This comparison is still relevant today. Government procurement is permanently under pressure to show value for money. It is therefore counter-intuitive to expect a Mr Sceptic approach to project procurement. The early commitment to a project programme is a standard expectation of tendering response in traditional or privately funded government new build programmes therefore. In challenging 20th thinking on theory of the firm, Nightingale returns to Mr Optimiser and Mr Sceptic. Mr Optimiser representing determinism and reductionism, internally driven causations, rationally driving towards maximum utility (Nightingale 2008 pp539). Mr Sceptic’s view of the firm being driven by managerial decision making and Boardroom mediation of the external requirements of shareholders and stakeholders. (Nightingale 2008 pp544).

Turner et al (2014 pp44) and Brady et al (2012), return to Klein’s Optimiser and Sceptic analogy in considering the knowledge problem. Brady et al conclude “Mr Sceptics programme is designed in part to produce information…to be able to make more informed decisions” (pp 723). Brady et al pp719 refers to Shenhar and Dvir (2007) who point out project management is based on “predictable, relatively simple, and rational models”. Brady argued that “the role of uncertainty, learning and informal processes are underplayed in traditional models of project management, in favour of simplistic, rule-based models” pp720. Brady et al further refer to Lenfle and Loch (2010) who call for a reconsideration of the concepts of Klein and Meckling, arguing that “project management has come to emphasise control over flexibility and novelty, and that this has prevented the project management discipline from occupying a central position in organisations efforts to implement strategic change and innovation” pp728.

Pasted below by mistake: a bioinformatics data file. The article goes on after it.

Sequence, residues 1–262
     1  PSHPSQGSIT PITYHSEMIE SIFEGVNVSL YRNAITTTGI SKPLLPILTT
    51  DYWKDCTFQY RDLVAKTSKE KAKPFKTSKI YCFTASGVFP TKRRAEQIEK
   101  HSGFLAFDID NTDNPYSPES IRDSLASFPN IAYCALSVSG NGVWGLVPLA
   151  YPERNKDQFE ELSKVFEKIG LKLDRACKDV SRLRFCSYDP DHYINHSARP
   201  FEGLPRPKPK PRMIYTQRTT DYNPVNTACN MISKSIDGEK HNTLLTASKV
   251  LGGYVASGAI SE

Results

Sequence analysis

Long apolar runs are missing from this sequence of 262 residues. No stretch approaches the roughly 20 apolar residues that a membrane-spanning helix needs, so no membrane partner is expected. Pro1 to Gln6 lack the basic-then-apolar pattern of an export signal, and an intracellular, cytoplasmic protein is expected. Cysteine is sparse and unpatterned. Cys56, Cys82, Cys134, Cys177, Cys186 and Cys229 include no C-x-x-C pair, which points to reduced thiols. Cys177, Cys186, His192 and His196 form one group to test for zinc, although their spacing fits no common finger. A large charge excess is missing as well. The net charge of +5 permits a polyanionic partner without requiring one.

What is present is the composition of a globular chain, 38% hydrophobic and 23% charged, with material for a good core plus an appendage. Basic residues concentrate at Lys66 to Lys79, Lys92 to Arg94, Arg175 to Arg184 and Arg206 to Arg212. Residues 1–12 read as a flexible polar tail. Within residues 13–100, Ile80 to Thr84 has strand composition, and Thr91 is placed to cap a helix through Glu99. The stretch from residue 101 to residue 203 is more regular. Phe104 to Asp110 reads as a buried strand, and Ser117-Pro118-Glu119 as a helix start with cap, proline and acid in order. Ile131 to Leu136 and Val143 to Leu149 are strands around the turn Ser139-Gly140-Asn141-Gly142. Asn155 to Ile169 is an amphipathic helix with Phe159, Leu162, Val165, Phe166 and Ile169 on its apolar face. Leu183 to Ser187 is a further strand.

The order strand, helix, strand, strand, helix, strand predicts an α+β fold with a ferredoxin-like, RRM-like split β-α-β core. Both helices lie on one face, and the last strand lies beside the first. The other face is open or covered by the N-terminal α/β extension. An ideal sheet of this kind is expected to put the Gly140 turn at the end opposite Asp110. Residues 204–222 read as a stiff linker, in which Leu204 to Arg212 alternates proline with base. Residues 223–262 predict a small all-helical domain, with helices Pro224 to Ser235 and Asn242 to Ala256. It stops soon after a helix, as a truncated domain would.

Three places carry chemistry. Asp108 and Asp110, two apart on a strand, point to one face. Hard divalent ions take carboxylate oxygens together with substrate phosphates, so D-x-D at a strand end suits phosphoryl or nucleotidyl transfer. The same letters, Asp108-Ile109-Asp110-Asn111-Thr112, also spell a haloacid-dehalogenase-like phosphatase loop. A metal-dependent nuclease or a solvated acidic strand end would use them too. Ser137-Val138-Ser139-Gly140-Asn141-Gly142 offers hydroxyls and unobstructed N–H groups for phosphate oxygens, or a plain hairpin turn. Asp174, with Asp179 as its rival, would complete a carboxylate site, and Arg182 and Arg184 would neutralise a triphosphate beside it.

The notion of project management being an operational undertaking, and success being defined in the context of time, cost, and quality, is further challenged by Dvir et al 2011 pp21. They offer alternative key factors (pp20) with utilisation of existing knowledge and integrated project teams with fast problem-solving capability and the ability to adapt being two key elements. Muller (2012) highlights Dvir and Lechler who both examine relationships between three planning variables and project success (2004). Planning variables being planning quality, goal changes, and plan-changes. Planning is significantly a positive contributor to customer satisfaction and efficiency; goal changes having the highest negative direct effect on customer satisfaction (pp 10) and the combination of goal and plan changes were a stronger factor than quality of planning…pp29



Mr Optimiser vs Mr Sceptical had military research and development ideals in mind. 1958 had the cold war as its backdrop. The Sputnik shock was in 1957. The Polaris programme and PERT, military research and RAND and universities, ties to contractor becoming more project orientated. The history of PM sits deeply embedded here. What this paper specifically reflects is an innovation centric project motivation vs optimisation of cost. These two character analogies present a useful modern day sentiment when considering if cost or novelty is most desired.

These are perspectives I will be returning to as I introduce other contemporary subjects of the present day. This underlying need to clarify primary motivation, seemingly pertinent in any contemporary setting.

Essays and detailed notes these blogs are building toward include:

  • My views of the 2020 HM Government Construction Playbook. (status: available on request and forming a blog subject soon)
  • High Reliability Organisations (HROs) as a guide to contingent planning and training. (status: an essay plan from MSc exam preparations is being reviewed to share as a blog).
  • Accountability vs Responsibility – the confused position and a fix. (status: first draft completed but still under review).

About Me

In psychology we are required to look beneath the mask. This blog series is attempting to unmask some hidden parts of projects to engender a more collaborative way.

Find my professional mask here: